It is another Shadowsfall Friday. Today, we bring you a monster straight from the brain of Richard Moore. He wrote this one for his home game sent it over to me to send off to you. If you use it in your game, buy him a drink if you see him at a convention.
As always you can find more awesome monsters like this for your game in the Book of Beasts: Monsters of the Shadow Plane at the JBE Shop, DriveThruRPG, Paizo, and the Open Gaming Store.
Grave Hulk CR/HD 9
Init –2; Perception +17 (darkvision 60 ft.)
Size Large (10 ft.); Speed 30 ft.
AC 25 (touch 14, flat-footed 19); Fort +10, Ref +10, Will +10; CMD 29
Melee 2 claws (reach 10 ft.) +17/+17 (2d6+15)
Attack Options (DC 16) awesome blow, energy explosion (1/day, 20-ft. radius, 1d6+9 slashing); CMB +15
Str +7, Dex –2, Con —, Int —, Cha +4
XP 6,400; NE undead
Absorb Corpse (Su) As a move action, a grave hulk can grab the body of an unconscious Medium-sized or smaller living creature at less than 0 current hp, automatically dealing claw damage to it. If the creature dies from this blow, the grave hulk absorbs its body into its form, gaining 4 temporary hit points per hit die of the absorbed creature.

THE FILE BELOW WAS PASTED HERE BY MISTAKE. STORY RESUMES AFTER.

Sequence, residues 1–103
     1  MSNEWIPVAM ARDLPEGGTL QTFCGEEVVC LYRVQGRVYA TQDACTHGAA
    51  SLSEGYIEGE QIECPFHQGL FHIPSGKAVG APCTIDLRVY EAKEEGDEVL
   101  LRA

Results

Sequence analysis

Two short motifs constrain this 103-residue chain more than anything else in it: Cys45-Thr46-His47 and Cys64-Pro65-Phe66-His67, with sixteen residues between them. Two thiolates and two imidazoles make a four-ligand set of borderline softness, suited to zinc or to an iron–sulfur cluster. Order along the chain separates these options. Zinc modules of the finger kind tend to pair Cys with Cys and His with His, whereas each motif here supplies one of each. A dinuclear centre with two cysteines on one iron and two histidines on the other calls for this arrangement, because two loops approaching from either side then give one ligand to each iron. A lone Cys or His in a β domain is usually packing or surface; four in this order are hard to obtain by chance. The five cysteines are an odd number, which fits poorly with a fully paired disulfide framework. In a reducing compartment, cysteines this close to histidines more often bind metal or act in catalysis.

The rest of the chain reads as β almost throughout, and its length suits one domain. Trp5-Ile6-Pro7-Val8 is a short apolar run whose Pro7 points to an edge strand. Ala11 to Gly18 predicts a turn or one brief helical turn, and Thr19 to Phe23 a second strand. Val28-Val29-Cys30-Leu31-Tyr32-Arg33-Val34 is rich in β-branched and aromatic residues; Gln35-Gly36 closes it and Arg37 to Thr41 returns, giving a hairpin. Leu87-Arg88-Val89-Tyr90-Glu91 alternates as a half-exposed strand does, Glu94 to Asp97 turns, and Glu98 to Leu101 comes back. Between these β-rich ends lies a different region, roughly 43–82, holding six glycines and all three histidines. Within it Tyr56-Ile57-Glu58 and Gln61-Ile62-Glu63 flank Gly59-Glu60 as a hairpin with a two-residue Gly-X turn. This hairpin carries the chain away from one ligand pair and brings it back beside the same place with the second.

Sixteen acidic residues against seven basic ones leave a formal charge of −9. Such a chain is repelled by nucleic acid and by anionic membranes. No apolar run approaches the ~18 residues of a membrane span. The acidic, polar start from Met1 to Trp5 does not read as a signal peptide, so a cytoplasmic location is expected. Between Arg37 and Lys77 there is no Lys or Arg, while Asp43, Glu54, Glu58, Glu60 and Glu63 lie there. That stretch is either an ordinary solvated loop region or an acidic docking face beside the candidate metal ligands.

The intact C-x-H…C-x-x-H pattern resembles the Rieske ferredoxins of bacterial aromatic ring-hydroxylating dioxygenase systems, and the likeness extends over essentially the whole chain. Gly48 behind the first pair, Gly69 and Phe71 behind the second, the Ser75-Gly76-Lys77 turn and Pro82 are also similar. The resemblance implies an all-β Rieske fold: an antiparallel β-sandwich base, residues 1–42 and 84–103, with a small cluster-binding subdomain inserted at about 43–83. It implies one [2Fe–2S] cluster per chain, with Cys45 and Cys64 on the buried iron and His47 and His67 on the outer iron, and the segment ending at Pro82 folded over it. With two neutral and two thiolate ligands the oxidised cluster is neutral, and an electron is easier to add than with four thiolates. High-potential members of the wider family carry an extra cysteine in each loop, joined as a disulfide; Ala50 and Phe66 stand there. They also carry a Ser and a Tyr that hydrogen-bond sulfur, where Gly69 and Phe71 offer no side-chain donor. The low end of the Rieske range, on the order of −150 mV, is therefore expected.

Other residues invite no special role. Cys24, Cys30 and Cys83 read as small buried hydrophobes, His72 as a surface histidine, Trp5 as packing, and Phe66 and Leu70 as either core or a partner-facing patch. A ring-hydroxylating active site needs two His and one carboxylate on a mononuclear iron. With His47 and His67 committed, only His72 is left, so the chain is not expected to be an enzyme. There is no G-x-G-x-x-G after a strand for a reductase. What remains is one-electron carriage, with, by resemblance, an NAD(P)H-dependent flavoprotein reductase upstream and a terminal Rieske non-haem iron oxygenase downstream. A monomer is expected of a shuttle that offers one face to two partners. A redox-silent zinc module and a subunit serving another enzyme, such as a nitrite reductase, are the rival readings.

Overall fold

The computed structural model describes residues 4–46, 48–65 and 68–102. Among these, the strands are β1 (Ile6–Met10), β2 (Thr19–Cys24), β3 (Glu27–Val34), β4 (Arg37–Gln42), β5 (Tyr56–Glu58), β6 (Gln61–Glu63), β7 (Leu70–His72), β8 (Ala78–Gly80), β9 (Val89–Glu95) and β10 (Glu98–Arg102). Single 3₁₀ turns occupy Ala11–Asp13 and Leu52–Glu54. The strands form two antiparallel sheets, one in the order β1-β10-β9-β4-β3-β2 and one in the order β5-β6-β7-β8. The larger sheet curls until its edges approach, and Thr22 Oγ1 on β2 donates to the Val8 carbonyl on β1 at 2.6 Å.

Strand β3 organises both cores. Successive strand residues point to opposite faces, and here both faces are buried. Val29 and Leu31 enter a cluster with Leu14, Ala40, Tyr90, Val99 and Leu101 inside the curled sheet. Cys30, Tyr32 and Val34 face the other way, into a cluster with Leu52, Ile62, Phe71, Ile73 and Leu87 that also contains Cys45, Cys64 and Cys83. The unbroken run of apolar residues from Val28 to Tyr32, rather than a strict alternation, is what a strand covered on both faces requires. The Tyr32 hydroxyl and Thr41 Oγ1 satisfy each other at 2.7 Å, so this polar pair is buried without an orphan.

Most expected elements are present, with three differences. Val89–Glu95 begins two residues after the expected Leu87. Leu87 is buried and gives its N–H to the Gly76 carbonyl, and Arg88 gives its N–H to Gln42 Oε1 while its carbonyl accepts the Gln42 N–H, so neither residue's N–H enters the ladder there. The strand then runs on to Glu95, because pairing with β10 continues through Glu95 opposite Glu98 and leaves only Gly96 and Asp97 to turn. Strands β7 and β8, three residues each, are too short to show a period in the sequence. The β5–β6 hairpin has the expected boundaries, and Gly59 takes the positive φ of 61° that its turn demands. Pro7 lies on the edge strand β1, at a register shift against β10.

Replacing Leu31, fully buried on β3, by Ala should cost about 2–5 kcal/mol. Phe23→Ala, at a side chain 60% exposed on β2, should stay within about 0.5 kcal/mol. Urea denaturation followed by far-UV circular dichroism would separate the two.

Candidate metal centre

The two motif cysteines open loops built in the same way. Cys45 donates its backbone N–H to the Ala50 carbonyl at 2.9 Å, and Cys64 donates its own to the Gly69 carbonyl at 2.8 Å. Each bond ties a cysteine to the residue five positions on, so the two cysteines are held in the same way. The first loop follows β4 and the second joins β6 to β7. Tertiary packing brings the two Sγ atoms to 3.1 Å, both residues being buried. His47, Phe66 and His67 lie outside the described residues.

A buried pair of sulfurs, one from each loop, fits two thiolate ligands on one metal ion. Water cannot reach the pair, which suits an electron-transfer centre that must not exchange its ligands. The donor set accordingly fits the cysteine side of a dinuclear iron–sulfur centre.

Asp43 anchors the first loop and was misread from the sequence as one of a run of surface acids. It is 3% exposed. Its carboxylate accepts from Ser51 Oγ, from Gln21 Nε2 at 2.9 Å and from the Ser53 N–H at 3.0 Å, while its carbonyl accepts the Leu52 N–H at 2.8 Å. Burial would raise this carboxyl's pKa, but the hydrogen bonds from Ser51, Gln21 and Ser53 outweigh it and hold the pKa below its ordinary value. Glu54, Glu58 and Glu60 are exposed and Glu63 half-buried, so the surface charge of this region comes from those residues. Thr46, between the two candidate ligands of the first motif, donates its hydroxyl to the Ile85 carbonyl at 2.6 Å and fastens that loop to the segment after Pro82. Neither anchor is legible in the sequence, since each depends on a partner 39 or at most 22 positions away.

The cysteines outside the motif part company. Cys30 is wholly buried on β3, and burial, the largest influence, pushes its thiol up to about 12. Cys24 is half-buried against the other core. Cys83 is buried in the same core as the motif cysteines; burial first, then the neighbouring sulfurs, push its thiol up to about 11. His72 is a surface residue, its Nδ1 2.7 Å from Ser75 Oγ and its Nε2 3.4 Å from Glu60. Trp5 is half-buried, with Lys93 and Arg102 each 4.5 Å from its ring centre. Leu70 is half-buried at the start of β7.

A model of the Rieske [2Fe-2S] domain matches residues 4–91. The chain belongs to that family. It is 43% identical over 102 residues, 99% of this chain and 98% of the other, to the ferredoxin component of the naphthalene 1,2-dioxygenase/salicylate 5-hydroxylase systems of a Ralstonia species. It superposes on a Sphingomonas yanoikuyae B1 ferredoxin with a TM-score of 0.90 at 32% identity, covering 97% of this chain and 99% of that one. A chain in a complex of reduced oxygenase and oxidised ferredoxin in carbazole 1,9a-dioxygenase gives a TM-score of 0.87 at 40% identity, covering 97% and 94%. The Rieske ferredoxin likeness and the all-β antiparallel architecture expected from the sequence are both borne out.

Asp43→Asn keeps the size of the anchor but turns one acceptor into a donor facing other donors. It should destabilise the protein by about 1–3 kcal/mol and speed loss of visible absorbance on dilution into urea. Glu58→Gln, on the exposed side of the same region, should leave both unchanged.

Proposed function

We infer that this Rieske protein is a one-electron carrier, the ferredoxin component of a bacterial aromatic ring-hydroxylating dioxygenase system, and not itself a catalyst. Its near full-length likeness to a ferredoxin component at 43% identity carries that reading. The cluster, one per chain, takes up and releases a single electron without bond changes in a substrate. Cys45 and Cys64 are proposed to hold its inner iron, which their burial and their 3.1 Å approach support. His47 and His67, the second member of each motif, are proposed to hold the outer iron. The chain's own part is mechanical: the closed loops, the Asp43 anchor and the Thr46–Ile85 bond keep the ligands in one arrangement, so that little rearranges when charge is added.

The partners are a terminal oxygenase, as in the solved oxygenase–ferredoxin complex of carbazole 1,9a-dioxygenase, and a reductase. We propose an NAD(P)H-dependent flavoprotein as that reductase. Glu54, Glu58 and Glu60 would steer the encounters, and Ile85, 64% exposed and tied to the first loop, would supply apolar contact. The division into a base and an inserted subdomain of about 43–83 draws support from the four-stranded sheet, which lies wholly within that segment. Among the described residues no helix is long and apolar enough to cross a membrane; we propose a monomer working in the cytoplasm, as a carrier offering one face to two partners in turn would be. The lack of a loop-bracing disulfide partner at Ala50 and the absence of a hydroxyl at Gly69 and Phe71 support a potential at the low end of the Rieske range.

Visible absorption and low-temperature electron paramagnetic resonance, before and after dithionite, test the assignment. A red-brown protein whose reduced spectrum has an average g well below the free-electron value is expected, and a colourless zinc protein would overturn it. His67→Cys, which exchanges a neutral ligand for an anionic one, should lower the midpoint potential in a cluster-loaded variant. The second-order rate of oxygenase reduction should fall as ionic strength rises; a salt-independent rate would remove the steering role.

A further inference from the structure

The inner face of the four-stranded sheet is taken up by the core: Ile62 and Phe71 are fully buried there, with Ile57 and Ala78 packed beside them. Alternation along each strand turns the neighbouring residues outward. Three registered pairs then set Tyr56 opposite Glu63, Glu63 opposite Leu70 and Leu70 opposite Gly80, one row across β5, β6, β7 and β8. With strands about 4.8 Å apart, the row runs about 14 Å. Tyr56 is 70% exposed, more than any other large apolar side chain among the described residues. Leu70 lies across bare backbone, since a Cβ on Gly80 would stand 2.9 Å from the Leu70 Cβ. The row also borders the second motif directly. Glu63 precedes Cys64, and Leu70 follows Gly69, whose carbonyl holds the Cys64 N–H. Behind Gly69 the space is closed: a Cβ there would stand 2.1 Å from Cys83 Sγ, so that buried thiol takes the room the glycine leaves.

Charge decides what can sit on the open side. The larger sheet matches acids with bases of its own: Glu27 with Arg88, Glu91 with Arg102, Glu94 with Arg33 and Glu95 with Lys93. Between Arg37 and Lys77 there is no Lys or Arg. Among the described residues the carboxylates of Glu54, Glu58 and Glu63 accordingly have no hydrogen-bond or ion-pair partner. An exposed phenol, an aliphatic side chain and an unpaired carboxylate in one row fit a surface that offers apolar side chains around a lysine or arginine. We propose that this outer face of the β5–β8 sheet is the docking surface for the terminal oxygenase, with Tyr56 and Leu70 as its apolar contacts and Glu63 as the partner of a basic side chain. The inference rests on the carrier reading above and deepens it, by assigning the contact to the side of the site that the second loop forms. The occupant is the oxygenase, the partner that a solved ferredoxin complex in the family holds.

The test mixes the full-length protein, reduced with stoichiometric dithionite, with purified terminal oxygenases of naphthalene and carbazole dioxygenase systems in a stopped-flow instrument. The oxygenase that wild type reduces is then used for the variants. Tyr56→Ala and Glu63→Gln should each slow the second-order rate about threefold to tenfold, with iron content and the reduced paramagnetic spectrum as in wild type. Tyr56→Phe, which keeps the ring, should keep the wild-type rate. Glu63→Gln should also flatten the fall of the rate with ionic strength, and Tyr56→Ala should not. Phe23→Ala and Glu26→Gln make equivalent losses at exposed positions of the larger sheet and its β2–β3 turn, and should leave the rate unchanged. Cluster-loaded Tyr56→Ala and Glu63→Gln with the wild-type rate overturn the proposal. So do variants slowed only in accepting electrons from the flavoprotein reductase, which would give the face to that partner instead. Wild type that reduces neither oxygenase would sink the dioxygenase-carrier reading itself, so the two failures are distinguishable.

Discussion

A grave hulk is formed from dozens of dead bodies, their putrefying flesh and bone twisted by necromantic magic into a vaguely humanoid form that stands some ten feet tall. It reshapes its body as it moves, manifesting new claws and limbs seemingly at random and even discharging bone shards in destructive showers when surrounded by foes.
Although a grave hulk can be made out of approximately 25 corpses via create greater undead, most grave hulks either occur naturally in areas suffused with extreme levels of negative energy or are constructed in rituals that profane the culture or religion of the dead whose bodies will comprise the creature.
In combat, a grave hulk prefers to use its awesome blow in conjunction with its superior reach to keep foes at bay, instinctively discharging its energy explosion ability whenever three or more enemies are within its radius of effect. It is not smart enough to distinguish friend from foe in most cases, however, so poorly-worded instructions from its master could have disastrous consequences for a novice necromancer who attempts to control one.